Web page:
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Loan outflows continue for fifth week, led again by mutual funds

Loan funds reported outflows of $365 million for the week ended July 1, more than double the $174 million of outflows for the week ended June 24, according to Lipper. It was the fifth straight week of outflows for a combined $1.2 billion, which follows a stretch of three consecutive weeks of inflows that totaled $442 million.

Mutual funds again provided the majority of the latest outflow, at $271 million, compared to $93 million of ETF outflows. Last week, mutual funds reported outflows of $151 million, joined by $23 million in ETF outflows.

With today’s outflow, the trailing four-week average widens to negative $268 million, from negative $201 million last week, and negative $147 million two weeks ago.

The year-to-date outflow is $4.1 billion, with 4% tied to ETFs, versus an inflow of $1.2 billion at this point last year, with positive 70% tied to ETFs.

In today’s report, the change due to market conditions was $98 million, or roughly 0.11% against total assets, which were $93 billion at the end of the observation period. The ETF segment comprises $6.7 billion of the total, or approximately 7% of the sum. – Joy Ferguson

Loan Fund Flows July 6 2015

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CLO roundup: Greek cloud hangs over Europe; US prints eight deals

Having already paused activity last week, Greece’s debt problems now threaten to curtail new-issue CLO activity for the rest of the summer in Europe after yesterday’s rejection of austerity measures. It also remains to be seen whether the U.S. market will lose its momentum after last week’s bonanza that saw eight deals print stateside.

Global CLO volume Jul 3 2015

 

Year-to-date statistics are as follows:

• Global issuance totals $68.38 billion.
• U.S. issuance totals $59.96 billion from 113 deals, versus $64.01 billion from 119 deals during the same period last year.
• European issuance totals €7.56 billion from 19 deals, versus €6.92 billion from 16 deals during the same period last year.  – Sarah Husband

 

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High yield bond, loan markets in Europe largely resilient to Greek ‘No’ vote

Despite a resounding ‘No’ vote in the Greek referendum, which saw the country’s people vote against further austerity, the reaction in European loan and bond markets has largely been orderly and contained. The vote has however ushered in a further period of political uncertainty and economic volatility in Europe, with issuers having to wait and see how the situation develops before coming to market with new deals.

In the aftermath of the vote, Greek finance minister Yanis Varoufakis resigned. His replacement will be instrumental in the talks that will now ensue as Greece grapples with how to maintain liquidity in its banking system, and the EU ponders how to prevent (or in a worst-case scenario, manage) the country’s exit from the euro. There is much at stake, with concerns that despite stringent capital controls instigated last week, ATMs across the country may soon run out of cash.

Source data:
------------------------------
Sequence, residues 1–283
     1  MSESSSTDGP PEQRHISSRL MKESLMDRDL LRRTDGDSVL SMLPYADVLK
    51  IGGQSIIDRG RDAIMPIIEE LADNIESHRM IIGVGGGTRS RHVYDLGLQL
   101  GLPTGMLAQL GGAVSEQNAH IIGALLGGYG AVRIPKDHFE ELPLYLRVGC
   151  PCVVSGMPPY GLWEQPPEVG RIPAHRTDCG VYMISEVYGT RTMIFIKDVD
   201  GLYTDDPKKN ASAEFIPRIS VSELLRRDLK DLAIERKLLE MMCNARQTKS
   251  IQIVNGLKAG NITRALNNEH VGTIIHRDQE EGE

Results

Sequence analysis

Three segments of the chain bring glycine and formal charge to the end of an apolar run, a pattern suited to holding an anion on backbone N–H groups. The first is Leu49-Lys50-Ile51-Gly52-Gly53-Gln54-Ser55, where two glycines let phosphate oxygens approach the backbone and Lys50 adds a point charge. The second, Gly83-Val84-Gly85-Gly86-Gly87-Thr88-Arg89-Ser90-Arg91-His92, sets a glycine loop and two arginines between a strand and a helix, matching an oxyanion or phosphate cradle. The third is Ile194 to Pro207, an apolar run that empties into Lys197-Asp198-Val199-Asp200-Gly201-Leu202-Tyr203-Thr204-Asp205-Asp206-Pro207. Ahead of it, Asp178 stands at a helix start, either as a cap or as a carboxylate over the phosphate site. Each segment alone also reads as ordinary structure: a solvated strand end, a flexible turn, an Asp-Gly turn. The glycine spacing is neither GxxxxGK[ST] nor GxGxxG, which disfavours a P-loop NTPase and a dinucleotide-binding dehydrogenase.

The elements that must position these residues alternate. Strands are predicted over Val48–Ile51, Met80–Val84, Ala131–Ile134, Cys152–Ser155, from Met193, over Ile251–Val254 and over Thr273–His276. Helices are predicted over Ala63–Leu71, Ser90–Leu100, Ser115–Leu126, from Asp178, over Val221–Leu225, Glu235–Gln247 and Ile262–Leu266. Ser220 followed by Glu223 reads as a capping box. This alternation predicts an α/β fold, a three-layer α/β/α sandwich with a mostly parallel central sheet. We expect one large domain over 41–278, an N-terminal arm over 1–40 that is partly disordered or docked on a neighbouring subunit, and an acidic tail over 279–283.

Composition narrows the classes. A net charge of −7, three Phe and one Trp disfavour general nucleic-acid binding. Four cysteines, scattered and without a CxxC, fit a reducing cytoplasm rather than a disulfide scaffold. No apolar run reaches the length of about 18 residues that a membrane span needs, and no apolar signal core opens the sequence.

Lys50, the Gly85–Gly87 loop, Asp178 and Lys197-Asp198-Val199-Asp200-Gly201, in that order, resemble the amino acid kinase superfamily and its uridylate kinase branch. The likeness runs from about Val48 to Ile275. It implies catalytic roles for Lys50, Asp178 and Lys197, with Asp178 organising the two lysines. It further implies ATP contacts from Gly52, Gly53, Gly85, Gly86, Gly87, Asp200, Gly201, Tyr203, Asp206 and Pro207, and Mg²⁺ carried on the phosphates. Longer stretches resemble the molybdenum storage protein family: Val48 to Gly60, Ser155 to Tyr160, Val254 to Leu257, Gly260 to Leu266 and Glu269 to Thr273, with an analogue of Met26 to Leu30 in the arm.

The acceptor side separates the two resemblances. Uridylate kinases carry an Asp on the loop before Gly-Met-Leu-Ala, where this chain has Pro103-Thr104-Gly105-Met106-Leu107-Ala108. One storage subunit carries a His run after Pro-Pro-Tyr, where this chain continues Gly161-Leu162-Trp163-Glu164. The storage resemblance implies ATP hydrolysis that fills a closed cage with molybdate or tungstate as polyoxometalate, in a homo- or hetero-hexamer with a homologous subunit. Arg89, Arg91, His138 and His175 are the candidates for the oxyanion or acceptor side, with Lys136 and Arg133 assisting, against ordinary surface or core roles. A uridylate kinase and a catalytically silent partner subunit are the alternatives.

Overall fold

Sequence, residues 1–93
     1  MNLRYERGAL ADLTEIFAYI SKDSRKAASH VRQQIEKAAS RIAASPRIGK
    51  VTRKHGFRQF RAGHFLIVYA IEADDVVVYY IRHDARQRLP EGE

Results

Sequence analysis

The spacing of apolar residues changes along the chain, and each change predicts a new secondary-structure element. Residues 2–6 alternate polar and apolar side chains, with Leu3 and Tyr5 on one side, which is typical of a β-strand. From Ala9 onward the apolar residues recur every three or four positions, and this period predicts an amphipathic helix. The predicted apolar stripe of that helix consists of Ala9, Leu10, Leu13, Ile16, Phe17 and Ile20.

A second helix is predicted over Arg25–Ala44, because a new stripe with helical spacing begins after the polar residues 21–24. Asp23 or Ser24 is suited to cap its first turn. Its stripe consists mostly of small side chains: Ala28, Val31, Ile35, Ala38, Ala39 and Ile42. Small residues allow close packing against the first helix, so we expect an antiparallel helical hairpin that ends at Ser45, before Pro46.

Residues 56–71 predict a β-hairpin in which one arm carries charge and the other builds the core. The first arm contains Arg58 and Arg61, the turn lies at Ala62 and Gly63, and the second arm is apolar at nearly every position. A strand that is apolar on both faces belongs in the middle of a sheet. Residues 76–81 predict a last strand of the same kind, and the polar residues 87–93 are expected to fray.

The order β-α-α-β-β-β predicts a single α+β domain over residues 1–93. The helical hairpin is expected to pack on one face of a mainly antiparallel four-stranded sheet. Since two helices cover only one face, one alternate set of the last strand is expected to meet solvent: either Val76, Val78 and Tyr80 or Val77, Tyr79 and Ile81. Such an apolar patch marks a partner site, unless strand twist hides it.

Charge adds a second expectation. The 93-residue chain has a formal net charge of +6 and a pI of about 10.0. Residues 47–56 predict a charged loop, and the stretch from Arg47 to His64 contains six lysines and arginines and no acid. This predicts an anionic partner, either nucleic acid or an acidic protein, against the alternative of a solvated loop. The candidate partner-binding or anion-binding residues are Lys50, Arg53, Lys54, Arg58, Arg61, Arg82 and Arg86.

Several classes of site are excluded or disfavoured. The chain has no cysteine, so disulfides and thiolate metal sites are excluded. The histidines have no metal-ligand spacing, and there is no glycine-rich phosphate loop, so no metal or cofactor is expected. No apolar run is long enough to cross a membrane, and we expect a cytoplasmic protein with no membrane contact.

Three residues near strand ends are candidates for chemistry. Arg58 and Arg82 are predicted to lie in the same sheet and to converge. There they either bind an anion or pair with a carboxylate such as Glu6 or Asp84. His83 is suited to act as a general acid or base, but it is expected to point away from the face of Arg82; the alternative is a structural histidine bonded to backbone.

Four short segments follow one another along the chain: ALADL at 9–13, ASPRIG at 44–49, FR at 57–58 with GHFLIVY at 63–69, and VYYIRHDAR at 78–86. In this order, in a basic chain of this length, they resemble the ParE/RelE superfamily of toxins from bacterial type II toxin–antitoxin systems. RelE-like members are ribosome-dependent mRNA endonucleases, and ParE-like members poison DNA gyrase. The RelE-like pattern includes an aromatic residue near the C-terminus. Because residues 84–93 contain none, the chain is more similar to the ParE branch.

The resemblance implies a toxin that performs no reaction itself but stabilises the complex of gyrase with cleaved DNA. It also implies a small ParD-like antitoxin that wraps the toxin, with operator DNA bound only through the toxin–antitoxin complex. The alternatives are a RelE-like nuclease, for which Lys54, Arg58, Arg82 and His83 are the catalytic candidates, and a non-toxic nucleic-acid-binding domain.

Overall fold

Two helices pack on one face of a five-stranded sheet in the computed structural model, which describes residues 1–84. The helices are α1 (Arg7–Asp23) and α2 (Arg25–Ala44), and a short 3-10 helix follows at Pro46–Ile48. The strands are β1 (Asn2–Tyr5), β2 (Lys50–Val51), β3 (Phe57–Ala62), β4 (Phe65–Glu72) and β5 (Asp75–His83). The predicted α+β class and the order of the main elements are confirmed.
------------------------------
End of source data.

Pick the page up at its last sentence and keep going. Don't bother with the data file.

The market’s reaction today was more muted than a week ago when the referendum was announced, with the iTraxx crossover widening by 15 points this morning to 342, and the FTSE 100 and Eurostoxx 50 shedding roughly 42 points and 58 points, respectively. “The market doesn’t seem to care. It’s less of an event than last Monday, after Tspiras called for the referendum. Even euro/dollar is not doing much,” said one investor.

The sovereign bond market followed suit, with 10-year yields on government paper from Italy, Spain, and Portugal widening by 11-14 bps. Greek 10-year bonds widened by 257 bps. Meanwhile the 10-year Bund yield tightened by five basis points, to 74.

High-yield corporates slipped 0.5-2 points across the board in early trading, while Greek-related names were more heavily hit.PPC’s 4.75% notes due 2017 were the biggest losers, down nine points, while Hellenic Petroleum’s 8% notes due 2017 fell seven points. OTE bonds, often a proxy for sovereign risk during a crisis, were also hit – the borrower’s 7.875% notes due 2018 fell six points, while its 3.5% notes due 2020 fell five points.

Loan markets have also been hampered by the volatility, and are likely to remain moribund as issuers wait to see how the Greek situation plays out. “We’ll be gazing at our navels for the next few weeks,” said one arranger. “We can’t post on pricing. There is a market, but we don’t know where it is. The market’s not closed, because there are buyers – there just aren’t any sellers. Why would anybody issue in this market?”